Friday, February 12, 2016

NH Exit Poll: Dems Divided, Trump Voters United

The New Hampshire primary was a resounding victory for Bernie Sanders and Donald Trump.  Their wins clearly show a dissatisfaction with the party establishment but the exit polls show different demographic patterns for their support.

Democratic Primary

The generation gap between older and younger voters for Sanders has been well reported but there are other divides.  Sanders won 61% of the white vote and 50% of the nonwhite vote (they were 7% of the electorate in NH).  Sanders won all education levels with 60% or more all education levels except for a lower % of the vote among post-graduates at 51% to 48% for Clinton.  

He won every income level except those earning more than $200,000 or more (8% of NH Dem voters) with 53% for Clinton.  Sanders had 60% or more of the income categories earning less than $100,000.

Sanders won 52% of voters who were registered Democrats and 73% of independents.  He won 67% of unmarried voters and 56% of married voters.  What gender is crossed with gender Sanders did equally well with married men and women with 56% support from each.  Sanders won 74% of unmarried men and 62% of unmarried women.  

The top issues among democratic voters were economy/jobs (33%), income inequality (32%), and health care (23%) followed by terrorism (9%).  Sanders won among each of these issues with the lowest share among those who name terrorism where he garnered 50%.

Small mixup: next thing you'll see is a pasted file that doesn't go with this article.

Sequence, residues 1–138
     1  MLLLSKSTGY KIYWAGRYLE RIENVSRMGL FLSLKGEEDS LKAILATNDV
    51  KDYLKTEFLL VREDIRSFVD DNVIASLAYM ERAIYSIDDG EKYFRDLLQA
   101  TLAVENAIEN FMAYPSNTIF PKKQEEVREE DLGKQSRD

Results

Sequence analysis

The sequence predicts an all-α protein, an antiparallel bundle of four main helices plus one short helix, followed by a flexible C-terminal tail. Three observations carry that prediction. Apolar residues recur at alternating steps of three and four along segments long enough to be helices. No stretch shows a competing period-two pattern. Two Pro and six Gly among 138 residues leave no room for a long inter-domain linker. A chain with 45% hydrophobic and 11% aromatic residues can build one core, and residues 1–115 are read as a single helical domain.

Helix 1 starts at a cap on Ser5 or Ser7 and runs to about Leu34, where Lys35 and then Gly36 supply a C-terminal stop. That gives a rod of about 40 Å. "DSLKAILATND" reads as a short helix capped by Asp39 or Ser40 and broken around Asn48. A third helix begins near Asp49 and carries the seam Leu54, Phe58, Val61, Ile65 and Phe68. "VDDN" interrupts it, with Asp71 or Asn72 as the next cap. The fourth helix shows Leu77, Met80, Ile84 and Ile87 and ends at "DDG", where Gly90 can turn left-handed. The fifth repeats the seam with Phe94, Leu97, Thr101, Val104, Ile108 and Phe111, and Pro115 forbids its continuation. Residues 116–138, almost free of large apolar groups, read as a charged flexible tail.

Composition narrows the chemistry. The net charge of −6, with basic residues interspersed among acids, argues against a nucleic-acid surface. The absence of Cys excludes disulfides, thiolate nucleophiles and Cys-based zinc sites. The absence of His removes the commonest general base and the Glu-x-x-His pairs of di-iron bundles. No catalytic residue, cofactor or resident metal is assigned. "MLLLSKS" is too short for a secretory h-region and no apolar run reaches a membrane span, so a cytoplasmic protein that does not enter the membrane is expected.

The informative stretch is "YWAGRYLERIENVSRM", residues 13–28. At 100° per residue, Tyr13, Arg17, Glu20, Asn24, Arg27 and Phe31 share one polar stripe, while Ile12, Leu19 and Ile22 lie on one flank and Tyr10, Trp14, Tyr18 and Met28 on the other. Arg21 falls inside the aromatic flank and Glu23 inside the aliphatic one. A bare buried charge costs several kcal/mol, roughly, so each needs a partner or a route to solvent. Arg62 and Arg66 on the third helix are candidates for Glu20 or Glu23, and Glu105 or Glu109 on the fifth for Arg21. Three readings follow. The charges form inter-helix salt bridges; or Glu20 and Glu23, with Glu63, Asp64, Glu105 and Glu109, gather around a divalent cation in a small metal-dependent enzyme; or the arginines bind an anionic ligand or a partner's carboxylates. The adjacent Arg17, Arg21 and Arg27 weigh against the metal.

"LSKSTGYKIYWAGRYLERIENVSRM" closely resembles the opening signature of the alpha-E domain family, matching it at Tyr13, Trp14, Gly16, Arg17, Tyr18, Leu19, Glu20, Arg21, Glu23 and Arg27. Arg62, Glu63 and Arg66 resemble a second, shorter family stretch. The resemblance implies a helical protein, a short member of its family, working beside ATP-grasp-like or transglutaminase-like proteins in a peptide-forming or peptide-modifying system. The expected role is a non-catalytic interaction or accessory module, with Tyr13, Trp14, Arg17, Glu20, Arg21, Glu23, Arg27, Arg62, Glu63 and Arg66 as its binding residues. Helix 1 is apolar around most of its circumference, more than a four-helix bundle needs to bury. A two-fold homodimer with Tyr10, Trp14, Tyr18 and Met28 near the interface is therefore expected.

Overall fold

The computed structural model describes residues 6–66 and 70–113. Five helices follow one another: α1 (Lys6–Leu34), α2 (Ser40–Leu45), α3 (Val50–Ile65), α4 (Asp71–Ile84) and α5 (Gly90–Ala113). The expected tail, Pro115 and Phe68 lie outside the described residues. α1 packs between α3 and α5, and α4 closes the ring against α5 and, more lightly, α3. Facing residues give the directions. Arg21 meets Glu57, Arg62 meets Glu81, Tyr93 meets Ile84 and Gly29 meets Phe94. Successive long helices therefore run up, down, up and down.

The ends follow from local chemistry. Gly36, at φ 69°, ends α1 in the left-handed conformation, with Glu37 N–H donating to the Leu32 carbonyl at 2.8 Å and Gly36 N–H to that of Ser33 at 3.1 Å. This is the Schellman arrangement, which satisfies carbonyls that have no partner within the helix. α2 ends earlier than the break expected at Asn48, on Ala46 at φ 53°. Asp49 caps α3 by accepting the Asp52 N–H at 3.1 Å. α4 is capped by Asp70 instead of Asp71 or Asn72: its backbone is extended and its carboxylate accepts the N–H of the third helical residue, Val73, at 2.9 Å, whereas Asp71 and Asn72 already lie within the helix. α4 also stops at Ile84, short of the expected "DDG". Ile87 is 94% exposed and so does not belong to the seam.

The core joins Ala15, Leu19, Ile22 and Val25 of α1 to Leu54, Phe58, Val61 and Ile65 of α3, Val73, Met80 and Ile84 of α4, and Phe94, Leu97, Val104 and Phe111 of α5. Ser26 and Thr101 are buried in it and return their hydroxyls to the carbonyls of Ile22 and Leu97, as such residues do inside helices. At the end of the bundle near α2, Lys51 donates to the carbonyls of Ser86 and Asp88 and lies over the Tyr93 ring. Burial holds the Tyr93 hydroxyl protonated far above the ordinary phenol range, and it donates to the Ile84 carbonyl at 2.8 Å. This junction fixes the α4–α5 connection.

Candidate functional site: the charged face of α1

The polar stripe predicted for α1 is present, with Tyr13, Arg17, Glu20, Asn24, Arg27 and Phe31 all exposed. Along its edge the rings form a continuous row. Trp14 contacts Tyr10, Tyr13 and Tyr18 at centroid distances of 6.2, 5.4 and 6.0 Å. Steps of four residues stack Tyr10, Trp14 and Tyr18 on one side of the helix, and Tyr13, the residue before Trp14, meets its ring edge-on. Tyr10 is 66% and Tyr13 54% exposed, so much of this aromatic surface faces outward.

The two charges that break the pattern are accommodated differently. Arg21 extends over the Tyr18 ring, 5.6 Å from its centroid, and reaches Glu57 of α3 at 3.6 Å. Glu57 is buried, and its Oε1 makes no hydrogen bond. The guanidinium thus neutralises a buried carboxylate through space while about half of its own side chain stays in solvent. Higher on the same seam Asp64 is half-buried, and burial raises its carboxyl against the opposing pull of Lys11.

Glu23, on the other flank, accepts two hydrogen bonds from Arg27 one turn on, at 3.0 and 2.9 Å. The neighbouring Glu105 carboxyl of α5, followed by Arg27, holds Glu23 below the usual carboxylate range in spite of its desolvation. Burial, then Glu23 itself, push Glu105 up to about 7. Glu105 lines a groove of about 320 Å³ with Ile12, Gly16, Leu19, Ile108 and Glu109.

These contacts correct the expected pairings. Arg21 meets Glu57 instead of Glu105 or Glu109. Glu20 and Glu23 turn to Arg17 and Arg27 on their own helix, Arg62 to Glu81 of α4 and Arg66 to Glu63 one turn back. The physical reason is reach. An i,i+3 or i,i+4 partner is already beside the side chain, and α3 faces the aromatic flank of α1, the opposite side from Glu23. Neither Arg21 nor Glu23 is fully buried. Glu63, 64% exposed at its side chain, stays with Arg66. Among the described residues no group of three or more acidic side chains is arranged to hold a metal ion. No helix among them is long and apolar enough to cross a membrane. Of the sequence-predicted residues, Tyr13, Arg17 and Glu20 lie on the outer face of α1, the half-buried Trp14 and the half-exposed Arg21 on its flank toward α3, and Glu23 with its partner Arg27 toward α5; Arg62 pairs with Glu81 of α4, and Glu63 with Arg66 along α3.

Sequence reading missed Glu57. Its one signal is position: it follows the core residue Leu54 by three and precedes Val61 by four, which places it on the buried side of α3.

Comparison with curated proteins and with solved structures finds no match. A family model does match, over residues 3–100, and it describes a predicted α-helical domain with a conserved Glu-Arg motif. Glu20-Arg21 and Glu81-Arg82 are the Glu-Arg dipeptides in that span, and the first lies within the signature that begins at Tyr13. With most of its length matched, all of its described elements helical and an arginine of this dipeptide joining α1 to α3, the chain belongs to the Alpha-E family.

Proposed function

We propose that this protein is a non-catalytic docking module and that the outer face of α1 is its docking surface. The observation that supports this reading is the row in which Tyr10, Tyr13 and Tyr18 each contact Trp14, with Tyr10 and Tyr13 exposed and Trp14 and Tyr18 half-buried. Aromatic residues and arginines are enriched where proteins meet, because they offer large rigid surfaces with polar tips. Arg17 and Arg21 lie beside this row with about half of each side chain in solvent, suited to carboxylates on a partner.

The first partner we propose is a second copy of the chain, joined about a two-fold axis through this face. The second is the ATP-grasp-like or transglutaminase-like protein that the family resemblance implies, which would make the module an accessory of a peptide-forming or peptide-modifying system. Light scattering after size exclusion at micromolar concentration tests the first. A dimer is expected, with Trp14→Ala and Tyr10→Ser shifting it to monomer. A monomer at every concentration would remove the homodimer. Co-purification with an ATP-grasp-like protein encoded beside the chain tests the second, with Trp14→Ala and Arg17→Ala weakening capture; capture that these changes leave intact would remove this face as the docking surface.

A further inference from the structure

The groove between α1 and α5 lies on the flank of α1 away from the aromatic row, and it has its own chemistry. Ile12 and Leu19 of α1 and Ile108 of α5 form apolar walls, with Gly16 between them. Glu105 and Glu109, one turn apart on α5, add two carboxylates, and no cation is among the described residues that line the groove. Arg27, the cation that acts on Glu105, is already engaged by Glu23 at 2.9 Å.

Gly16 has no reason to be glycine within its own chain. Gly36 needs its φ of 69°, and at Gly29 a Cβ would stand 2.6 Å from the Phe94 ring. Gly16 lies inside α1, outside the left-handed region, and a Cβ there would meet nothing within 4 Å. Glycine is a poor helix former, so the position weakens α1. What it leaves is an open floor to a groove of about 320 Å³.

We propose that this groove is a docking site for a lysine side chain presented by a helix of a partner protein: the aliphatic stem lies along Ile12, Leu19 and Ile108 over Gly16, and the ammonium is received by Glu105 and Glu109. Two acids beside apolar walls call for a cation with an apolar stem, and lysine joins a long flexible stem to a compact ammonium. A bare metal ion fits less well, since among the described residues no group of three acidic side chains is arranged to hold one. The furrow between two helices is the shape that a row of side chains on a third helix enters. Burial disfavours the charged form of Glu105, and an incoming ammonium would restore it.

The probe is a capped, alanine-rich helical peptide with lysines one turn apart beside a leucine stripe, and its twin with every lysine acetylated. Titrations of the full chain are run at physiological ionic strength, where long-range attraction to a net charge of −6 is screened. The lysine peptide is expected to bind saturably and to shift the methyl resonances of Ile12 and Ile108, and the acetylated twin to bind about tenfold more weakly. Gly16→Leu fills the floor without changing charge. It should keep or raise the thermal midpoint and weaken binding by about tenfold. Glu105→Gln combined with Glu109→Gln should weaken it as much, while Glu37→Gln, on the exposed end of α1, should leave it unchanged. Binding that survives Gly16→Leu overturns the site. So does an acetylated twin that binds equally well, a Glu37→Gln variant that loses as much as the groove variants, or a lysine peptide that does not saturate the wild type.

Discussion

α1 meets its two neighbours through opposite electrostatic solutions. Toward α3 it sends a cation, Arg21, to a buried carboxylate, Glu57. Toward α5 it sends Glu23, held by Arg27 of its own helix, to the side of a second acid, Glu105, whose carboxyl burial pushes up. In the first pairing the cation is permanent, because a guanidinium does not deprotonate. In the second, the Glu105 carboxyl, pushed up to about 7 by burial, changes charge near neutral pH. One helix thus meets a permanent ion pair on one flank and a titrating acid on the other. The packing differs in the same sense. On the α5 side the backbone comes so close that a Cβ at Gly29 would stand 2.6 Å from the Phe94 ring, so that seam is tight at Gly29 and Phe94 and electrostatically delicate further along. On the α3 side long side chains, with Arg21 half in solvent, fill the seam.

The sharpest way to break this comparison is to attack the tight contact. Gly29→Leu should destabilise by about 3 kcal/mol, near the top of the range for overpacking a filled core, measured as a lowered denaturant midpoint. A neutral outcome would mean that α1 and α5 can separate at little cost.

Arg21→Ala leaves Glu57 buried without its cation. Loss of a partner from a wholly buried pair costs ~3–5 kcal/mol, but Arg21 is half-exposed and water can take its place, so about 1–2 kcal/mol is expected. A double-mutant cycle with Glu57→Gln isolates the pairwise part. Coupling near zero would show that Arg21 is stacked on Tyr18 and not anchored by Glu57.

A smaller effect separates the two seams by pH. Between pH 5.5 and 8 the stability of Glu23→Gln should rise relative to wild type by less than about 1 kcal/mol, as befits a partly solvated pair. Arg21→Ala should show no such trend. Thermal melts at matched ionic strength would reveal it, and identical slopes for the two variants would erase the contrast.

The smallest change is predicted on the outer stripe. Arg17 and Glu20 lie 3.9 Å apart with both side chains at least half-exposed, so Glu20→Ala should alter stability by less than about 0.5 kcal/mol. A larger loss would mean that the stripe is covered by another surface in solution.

63% of Dem voters said that they support a single payer health care system while 32% said that they did not.  Sanders won 71% of those who support it while Clinton won 58% of those who oppose.  Sanders won 61% of those who said that the debates were a factor in deciding who to vote for while winning 54% among those who did not.

GOP Primary

The most remarkable thing to say about the Republican primary is how homogeneous it is.  Trump won 38% of male voters and 33% of female voters which was the highest for both genders.  Trump won all age groups with 30% or more of the vote.  Trump finished first among all education levels with 47% of those with high school or less, 39% of those with some college, 33% of college graduates, and 25% of those with post graduate degrees.  Trump finished first among all income levels.  Trump did equally well among independents and registered Republicans.